The latest survey with 19 ePMA suppliers in the UK, made by the NHS, shows that two suppliers should have an integration with the electronic prescribing service (EPS) ready by the end of 2022. Better is ahead, with an already submitted use case to the NHS for its Better Meds system integration with EPS in acute setting.
The survey results were mentioned at the Clinical Pharmacy Congress, the largest UK event for NHS clinicians, focusing on the latest innovations in medication management and trends related to medication safety. At the event taking place in London, the NHS experts presented insights into the research about topics such as approaches to better antimicrobial stewardship, newest progress in making medication data interoperable across systems and care levels and the future plans to decrease overprescribing of medications.
Waste caused by the lack of interoperability
The above mentioned integration with EPS is important because the lack of across-the-board standards use in the transfer of care results in wasted resources, errors, and clinical risk for patients. It can still take more than a day for pharmacists to gather all the information about an admitted patient's medications and dosages. Based on data gathered in Somerset NHS Foundation Trust, NHS calculated that due to the burden of needed transcriptions in the transfer of care, hospitals in the UK waste 1.2 million hours of staff time, and do 167 million transcriptions annually.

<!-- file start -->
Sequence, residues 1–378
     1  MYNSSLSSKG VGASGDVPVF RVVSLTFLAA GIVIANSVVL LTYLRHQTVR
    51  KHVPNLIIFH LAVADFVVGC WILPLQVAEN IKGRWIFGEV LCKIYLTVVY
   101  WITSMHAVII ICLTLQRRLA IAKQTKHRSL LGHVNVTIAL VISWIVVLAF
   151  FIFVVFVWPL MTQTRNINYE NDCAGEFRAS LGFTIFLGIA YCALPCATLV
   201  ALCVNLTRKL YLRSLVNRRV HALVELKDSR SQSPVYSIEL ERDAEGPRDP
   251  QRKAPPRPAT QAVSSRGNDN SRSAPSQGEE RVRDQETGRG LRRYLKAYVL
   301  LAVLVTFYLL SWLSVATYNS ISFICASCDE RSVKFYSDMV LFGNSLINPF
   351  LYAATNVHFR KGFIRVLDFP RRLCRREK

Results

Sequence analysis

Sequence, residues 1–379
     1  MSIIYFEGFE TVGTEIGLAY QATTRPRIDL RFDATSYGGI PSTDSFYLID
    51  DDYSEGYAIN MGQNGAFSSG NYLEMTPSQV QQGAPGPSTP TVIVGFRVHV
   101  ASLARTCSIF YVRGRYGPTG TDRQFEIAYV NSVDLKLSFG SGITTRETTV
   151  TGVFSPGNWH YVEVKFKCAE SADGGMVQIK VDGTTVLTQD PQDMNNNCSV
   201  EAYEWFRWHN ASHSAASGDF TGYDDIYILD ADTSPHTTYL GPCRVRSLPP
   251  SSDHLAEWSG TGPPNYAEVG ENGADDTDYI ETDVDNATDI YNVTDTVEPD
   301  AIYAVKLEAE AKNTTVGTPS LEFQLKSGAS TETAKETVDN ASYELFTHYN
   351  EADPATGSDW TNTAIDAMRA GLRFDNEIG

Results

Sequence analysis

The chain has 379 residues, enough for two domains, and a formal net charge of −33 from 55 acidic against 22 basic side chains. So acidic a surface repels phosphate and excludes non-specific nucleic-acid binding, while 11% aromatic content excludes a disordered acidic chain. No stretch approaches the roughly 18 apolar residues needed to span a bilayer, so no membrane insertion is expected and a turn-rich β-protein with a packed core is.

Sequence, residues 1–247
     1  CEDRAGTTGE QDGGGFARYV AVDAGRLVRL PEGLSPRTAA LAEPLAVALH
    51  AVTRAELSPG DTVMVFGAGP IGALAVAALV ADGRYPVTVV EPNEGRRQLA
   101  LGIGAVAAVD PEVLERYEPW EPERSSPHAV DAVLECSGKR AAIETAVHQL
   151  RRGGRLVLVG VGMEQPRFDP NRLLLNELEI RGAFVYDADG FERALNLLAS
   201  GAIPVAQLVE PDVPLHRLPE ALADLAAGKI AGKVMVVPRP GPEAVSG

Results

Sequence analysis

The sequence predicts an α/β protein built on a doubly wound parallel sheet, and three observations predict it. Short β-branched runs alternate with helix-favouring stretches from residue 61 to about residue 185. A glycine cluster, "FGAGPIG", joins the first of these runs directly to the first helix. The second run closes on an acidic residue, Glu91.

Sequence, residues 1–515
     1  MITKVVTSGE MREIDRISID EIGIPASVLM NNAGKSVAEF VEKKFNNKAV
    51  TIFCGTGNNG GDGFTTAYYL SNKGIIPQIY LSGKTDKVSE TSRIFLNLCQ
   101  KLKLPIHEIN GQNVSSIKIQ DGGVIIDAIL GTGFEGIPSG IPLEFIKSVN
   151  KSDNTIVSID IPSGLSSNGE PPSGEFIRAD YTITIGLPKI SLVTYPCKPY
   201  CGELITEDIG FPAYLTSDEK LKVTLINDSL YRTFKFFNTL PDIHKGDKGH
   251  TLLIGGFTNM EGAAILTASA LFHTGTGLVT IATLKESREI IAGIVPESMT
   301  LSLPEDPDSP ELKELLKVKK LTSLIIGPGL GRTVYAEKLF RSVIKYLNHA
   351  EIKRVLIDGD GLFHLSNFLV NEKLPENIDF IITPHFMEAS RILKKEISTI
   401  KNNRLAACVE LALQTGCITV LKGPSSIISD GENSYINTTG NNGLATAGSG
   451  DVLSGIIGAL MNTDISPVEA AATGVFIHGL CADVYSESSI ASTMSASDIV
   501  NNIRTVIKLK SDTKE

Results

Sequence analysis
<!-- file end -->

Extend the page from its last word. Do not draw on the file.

By March 2023 all healthcare IT vendors of medication prescribing systems in the UK will be required to use the same national standards. This across-the-board standards unity is among the key components for data exchange across primary and hospital care, resulting in safer and better care.
Interoperability is Better's core value and on top of our priorities. Better Meds was build by using the medication standard dm+d natively from its inception. We are closely following NHS guidelines around standards, to be consistently compliant with the requirements enabling national interconnectivity among care levels.
Overprescribing and other medication related challenges
We have a long way to go in improving medication safety, was clear at the congress. As mentioned by Ann Slee from the NHS, 6.5% of hospital admissions are caused by adverse drug effects, 5 deaths every day due to errors in prescribing, 1 £ in every 5 £ spent on medicines is wasted. 50% of people with long term conditions don’t take their medicines properly.
NHS also recognised the need to decrease overprescribing of medications to patients. Patients taking 10 or more medicines per day are 300% more likely to be admitted to the hospital due to an adverse drug reaction. In 2010 it was estimated that 300 million British Pounds of prescribed medicines are wasted every year. It is estimated that at least 10% of the current volume of medicines may be overprescribed.
To curb complications, NHS aims to build several initiatives for medication optimisation, among them the rapid expansion of clinical pharmacists alongside GPs. The NHS Long term plan includes planning on improving digital systems, interoperability, and patients records, funding more pharmacists in primary care networks to perform Structured Medication Reviews, and introducing personalised care for patients.
The National Overprescribing Review Implementation Programme aims to achieve long term reductions to overprescribing via delivery of social and cultural improvements within the NHS.